Designing for Your Lifespan


When shopping for an appliance, the typical considerations are energy efficiency, affordability, attractiveness and size. But today's consumers and manufacturers are placing equal importance on another consideration: Ease of use.

They are looking beyond today, too, and considering how easy the appliance will be to operate when the consumer ages or becomes disabled. Some appliances, after all, have a life span of 20 years or more.

Jan Jasper recently bought a stove with front-mounted control knobs, eliminating the need to reach over hot burners. Her old stove had controls in back.

"It's so much easier to use," said Jasper, who has multiple sclerosis and uses a cane and wheelchair. "I don't have to worry about burning myself."

Universal design, which meets the needs of people with diverse physical abilities, satisfies Americans With Disabilities Act standards. The percentage of Americans older than 50 is growing, and as the population ages, universal design becomes more important.

"People probably won't notice they have a product with universal design features, but they'll use it in a way that's more effortless," said Marc Hottenroth, industrial design leader for GE, a company that has made more appliances with easy-to-use features in recent years. He says many older appliances were poorly designed.

Migette Kaup, associate professor of interior design at Kansas State University in Manhattan, cited several appliance features that are difficult for people to use. A person using a wheelchair or cane, for instance, has to struggle to pull racks in and out of an oven that opens from the top.

Kaup, who teaches universal design in her classes, says some new appliances are easier to use because of universal design features. "That's refreshing because upper-body strength is the first thing to go for men and women as they age," she said.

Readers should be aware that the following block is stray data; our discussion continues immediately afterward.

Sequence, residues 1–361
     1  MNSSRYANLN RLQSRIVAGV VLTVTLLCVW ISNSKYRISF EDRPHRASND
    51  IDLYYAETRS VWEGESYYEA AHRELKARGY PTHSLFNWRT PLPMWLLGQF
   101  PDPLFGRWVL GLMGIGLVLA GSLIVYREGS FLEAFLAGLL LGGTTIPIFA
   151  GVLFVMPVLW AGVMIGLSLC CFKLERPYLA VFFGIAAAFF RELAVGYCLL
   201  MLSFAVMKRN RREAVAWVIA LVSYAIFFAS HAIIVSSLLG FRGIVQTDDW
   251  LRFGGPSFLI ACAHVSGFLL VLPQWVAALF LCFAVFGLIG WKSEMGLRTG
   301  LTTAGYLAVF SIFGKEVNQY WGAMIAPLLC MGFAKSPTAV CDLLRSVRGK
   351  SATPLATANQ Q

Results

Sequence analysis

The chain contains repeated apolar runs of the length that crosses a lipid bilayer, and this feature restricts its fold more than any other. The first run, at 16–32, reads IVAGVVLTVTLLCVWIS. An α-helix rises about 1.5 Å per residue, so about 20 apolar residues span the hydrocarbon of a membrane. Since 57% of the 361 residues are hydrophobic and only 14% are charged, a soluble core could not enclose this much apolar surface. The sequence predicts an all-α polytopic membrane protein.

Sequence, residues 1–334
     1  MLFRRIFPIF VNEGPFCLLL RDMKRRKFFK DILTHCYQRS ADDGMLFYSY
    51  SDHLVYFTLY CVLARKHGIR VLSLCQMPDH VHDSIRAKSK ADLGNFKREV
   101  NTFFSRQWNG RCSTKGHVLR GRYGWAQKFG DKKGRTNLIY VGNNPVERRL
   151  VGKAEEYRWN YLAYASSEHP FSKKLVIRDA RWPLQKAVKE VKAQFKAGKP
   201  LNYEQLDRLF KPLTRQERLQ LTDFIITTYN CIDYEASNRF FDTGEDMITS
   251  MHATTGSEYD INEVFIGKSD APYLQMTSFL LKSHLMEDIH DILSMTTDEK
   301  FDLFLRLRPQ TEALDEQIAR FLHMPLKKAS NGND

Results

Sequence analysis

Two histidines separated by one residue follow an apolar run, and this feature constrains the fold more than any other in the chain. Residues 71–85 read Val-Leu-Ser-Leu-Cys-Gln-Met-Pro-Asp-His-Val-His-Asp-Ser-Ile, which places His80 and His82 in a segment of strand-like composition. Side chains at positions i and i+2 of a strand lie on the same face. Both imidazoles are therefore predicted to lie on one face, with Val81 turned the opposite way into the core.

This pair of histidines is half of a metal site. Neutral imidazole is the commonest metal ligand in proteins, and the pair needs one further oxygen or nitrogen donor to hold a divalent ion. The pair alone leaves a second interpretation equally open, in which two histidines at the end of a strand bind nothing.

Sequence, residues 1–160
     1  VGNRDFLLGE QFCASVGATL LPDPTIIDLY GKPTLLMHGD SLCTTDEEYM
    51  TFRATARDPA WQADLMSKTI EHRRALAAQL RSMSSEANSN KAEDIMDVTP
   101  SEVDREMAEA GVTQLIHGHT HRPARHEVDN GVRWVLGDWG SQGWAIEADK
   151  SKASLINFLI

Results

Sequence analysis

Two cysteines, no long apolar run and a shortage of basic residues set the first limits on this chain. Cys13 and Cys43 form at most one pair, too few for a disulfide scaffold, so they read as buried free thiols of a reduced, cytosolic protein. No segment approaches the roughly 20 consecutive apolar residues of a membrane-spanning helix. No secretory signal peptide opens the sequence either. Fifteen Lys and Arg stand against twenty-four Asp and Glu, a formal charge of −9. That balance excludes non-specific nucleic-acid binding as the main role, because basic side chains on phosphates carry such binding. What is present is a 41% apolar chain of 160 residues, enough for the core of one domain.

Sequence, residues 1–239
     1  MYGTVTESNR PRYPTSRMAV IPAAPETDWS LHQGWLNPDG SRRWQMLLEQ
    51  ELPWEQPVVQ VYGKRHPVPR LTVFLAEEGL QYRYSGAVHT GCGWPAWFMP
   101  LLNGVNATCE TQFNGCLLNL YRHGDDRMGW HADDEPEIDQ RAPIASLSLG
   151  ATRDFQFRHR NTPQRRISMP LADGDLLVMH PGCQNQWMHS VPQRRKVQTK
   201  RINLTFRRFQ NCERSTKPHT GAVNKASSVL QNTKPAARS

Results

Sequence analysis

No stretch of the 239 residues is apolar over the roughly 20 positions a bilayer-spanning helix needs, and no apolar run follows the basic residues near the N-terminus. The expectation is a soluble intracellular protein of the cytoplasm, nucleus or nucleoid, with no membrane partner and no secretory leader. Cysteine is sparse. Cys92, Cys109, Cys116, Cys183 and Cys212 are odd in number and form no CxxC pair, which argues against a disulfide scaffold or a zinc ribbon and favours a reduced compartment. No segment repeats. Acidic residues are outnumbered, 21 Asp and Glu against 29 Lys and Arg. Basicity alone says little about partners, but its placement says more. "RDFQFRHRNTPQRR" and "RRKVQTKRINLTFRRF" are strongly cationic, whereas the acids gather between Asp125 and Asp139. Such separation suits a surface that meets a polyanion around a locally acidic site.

Dishwasher drawers, Kaup says, eliminate the need to stoop. The drawers, made by companies such as Fisher & Paykel and Miele, are coming down in price. New refrigerator drawers have the same advantage, but they're still too expensive for the mainstream consumer, she says.

More microwaves have bigger numbers and scrolling guides to help people through the process. People who are visually impaired can get Braille kits from the manufacturers. Another solution, Kaup says, is placing raised-number stickers from an office supply store over the controls.



• Dish drawers or a raised dishwasher are good for no-stoop, no-bend loading.

Washers & Dryers

• Look for front-mounted controls that can eliminate reaching.

• There's no need to stoop with raised platforms for front-loading machines.

• Look for drums that are tilted up to prevent excessive reaching.

Stoves & Ovens

• Look for a stove with front-mounted controls, which eliminate the need to reach over burners.

• Consider a smooth electric cooktop that allows easy movement of pots and pans and easy cleanup.

• Wall ovens should open from the side and be installed with the middle shelf at counter height.


• A countertop microwave (instead of a wall-mounted one) is best because it has a landing space for hot dishes and allows access for someone who uses a wheelchair.


• A side-by-side, frost-free refrigerator/

freezer allows full access for everyone.

• Having a freezer drawer on the bottom is the second best option. It provides better access than having a freezer on top.


EQUITABLE USE: The appliance should be accessible and appealing to all in the home.

FLEXIBILITY IN USE: The appliance should allow for both right-hand and left-hand use, and accommodate people with functional limitations.

SIMPLE AND INTUITIVE: The appliance should be easy to understand and use.

PERCEPTIBLE INFORMATION: The appliance can accommodate people with impaired vision. It may have visual or audible cues for easy operation.

TOLERANCE FOR ERROR: The appliance has safety features, such as child locks.

LOW PHYSICAL EFFORT: The appliance controls can be activated with minimal pressure.

SIZE AND SPACE FOR APPROACH AND USE: The appliance is easily accessible to someone who uses a wheelchair. A tall person wouldn't have to bend or stoop extremely to use it.

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